Delight your tastebuds with a Quebec culinary tour that showcases locally produced, artisan-crafted food and beverages. While you're playing chef at Atelier & Saveurs in Quebec City, enjoying breakfast aboard the luxury Train of Le Massif de Charlevoix and sipping Omerto's handcrafted tomato wine, you'll discover just how flavorful this Canadian province really is.
Quebec dairy Laterie Charlevoix makes a variety of cheeses — Photo courtesy of Lisa Waterman Gray
Operating since 1871, floor-to-ceiling food emporium J.A. Moisan is North America’s oldest grocery store. Employees wearing dapper bowler hats speak English and rapid-fire French, while selling artisan microbrews, cheeses and deli meats. It’s also a great place to find fresh produce, gorgeous baked goods and much more. Walking away empty-handed is impossible.
Grocery store J.A. Moisan in Quebec City — Photo courtesy of Lisa Waterman Gray
Atelier & Saveurs
Lessons at Atelier & Saveurs - a cooking school full of French flare - may begin with a "Yummy Cosmo" demonstration before guests don aprons and choose utensils in the stainless steel-filled kitchen. Enticing aromas emerge before the class enjoys rich and beautiful dishes beneath a chandelier crafted from glassware and spoons – a delicious reward for hard work.
Train of Le Massif de Charlevoix
Breakfast on this luxury train begins with jam and fresh cream amid linens, silverware and china. Reflecting seasonal crops while spotlighting passionate local growers and producers, multi-course meals may include fresh-baked goods and herb-flecked eggs. During the two-hour trip, guests also enjoy rare views of the St. Lawrence River coastline.
Saint-Pierre, Ȋle d’Orléans
Cabane a sucre L’En-Tailleur
There’s nothing better than maple candy made from syrup poured across crushed ice and rolled onto a stick. Eight generations have collected and processed maple sap at this family-owned "sugar shack," where metal pails adorn trees and a massive cauldron stands ready. There’s a small museum inside a log building and a gift shop full of maple and other gourmet foods.
Ateliers & Saveurs — Photo courtesy of Lisa Waterman Gray
Cassis Monna & Filles
Using black currants from their own orchard, this family’s signature Crème de Cassis won a 1995 Gold Medal in Ljubljana, Slovenia. Three additional wine varietals are also sold amid a compact tasting room with wall-spanning shelves. The family offers cassis syrup and vinaigrette, too. A small outdoor pavilion provides gorgeous pastoral views.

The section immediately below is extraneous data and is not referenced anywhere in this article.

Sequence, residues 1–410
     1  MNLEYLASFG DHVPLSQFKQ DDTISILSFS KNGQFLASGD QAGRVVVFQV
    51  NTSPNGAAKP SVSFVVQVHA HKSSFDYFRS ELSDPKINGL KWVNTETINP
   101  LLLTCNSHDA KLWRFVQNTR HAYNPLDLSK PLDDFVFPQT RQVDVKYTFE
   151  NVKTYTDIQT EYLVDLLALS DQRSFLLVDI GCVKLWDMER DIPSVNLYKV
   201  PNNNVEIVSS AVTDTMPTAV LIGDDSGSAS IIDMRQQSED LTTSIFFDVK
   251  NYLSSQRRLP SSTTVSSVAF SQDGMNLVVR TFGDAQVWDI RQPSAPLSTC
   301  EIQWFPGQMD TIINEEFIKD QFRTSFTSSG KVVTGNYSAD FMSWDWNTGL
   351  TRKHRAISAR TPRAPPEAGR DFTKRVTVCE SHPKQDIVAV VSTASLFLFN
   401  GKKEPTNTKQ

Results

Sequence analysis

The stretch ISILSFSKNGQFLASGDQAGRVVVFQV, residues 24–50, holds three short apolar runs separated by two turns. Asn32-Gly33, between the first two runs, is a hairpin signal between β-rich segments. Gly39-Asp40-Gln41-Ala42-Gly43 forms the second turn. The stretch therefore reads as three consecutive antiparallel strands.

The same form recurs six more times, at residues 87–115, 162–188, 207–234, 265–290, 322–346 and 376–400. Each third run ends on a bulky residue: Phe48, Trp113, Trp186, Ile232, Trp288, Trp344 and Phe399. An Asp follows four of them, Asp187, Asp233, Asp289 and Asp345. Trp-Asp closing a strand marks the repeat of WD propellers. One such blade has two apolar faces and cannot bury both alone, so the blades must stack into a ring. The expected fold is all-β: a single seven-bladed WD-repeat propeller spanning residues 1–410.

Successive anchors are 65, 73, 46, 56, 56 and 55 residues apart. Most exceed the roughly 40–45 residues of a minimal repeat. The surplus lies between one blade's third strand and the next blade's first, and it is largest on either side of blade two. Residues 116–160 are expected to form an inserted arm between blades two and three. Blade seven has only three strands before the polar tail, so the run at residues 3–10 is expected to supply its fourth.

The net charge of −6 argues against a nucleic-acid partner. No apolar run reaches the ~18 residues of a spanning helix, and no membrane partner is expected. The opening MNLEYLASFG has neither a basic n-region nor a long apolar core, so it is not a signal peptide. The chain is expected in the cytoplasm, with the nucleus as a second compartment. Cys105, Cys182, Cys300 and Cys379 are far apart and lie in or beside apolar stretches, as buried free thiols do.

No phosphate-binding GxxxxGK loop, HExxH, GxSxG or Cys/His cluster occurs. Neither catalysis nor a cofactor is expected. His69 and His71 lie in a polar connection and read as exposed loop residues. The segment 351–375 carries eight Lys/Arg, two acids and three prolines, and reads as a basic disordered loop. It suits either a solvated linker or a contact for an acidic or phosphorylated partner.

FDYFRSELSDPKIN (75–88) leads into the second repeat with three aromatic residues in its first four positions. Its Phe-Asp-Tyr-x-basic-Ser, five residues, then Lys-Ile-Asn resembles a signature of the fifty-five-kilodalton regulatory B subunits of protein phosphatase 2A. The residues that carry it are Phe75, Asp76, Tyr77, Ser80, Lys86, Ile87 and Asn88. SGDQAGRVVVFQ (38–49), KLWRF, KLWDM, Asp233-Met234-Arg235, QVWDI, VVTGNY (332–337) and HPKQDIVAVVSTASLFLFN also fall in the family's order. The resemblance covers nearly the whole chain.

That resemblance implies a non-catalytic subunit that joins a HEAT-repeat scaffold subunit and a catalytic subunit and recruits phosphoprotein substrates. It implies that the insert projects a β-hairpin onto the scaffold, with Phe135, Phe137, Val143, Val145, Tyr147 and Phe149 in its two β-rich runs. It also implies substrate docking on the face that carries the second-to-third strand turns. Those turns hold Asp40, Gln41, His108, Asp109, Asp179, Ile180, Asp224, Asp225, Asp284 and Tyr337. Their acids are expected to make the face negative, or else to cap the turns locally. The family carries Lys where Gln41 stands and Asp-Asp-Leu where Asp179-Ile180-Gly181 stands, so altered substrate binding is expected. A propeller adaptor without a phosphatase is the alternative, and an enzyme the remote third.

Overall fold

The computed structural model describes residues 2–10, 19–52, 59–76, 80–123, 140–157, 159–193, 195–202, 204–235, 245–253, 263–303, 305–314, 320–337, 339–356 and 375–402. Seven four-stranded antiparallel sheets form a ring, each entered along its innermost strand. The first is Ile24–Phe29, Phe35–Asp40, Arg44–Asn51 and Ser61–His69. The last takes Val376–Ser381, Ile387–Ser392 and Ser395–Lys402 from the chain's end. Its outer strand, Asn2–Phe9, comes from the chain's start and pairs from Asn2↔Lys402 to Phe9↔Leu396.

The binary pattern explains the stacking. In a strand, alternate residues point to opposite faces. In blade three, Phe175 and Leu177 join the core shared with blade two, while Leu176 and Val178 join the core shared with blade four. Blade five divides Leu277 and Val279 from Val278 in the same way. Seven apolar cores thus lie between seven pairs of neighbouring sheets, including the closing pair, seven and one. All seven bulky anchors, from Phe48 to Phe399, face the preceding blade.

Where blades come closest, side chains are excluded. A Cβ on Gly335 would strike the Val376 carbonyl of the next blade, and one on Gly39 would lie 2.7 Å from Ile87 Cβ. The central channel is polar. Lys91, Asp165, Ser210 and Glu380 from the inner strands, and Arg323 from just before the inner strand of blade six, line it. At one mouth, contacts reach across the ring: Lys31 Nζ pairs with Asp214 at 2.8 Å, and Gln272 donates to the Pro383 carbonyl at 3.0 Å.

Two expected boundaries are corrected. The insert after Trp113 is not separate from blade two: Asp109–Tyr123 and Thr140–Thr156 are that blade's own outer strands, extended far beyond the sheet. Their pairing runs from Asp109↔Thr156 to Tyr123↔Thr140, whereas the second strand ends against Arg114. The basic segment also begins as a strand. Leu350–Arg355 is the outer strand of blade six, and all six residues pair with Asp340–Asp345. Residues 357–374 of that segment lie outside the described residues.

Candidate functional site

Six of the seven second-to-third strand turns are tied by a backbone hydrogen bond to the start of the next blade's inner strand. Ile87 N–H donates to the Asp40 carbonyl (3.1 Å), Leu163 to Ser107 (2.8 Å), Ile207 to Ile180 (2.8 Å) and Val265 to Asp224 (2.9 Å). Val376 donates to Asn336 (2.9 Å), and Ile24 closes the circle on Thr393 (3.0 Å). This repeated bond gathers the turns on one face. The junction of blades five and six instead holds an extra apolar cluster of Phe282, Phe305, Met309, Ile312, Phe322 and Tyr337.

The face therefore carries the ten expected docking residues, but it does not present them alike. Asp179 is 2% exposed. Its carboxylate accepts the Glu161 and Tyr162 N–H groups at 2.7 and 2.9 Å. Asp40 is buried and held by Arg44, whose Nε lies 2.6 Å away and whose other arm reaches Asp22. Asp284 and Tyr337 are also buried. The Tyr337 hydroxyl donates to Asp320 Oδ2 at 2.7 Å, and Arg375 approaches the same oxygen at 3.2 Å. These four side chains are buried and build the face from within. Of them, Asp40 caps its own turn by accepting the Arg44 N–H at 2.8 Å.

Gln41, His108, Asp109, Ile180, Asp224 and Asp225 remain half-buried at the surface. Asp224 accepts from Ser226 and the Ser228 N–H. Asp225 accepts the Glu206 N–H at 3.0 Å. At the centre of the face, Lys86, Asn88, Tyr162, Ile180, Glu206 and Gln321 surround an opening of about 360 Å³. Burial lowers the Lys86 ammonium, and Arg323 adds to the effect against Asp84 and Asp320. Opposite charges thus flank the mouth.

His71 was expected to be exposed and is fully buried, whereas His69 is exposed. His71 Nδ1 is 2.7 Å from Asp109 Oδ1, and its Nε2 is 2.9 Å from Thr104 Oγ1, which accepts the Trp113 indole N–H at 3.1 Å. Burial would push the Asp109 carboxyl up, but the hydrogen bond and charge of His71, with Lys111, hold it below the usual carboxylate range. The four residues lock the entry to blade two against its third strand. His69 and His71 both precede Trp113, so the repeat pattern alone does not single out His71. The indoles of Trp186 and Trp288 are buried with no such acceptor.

The world’s first commercially produced aperitif tomato wine evolved from a 1938 recipe made by four generations of a Belgian family, and it was brought to Quebec by Pascal Miche. Organic heirloom tomatoes and the tweaked recipe have resulted in high alcohol content, pale orange color and sweet yet strong flavor. Stainless steel tanks and a tiny tasting room are part of the tour.
Omerto — Photo courtesy of Lisa Waterman Gray
Le Moulin De La Remy
This 1827 flour mill was recently restored to include a massive mill wheel. Intoxicating aromas waft from a white and blue building, where a shop sells freshly baked baguettes, nut and fruit breads and plain and flavored croissants or brioche. Home bakers can also purchase freshly milled flour.
Operated by four generations of the Labbé family, this dairy makes terrific cheddar and other cheeses. The company’s green initiatives include a sustainable development system and a project to save the Canadienne cow breed from extinction. Visitors may also view cheese production, meet craftsmen and discover antique tools of the traditional trade.
Train of Le Massif de Charlevoix — Photo courtesy of Lisa Waterman Gray
La Maison d’Affinage Maurice DuFour Inc. / Famille Migneron Charlevoix
At this cozy cheese house - with a clear view of the basement cheese room - a certified agronomist and meticulous aging result in rich and satisfying varieties. Several unusual cheeses include blue cheese made from ewe’s milk and Brie with a firm rind and a semi-runny texture – even when refrigerated.
La Ferme Basque de Charlevoix
Slow Food members, this couple from France’s Basque region have become enthusiastic Quebec producers of foie gras on their small farm – a staple in the region’s gourmet cuisine. Raising their own ducks assures that animals receive humane care and the company's foie gras, pâté and confit are of the highest quality.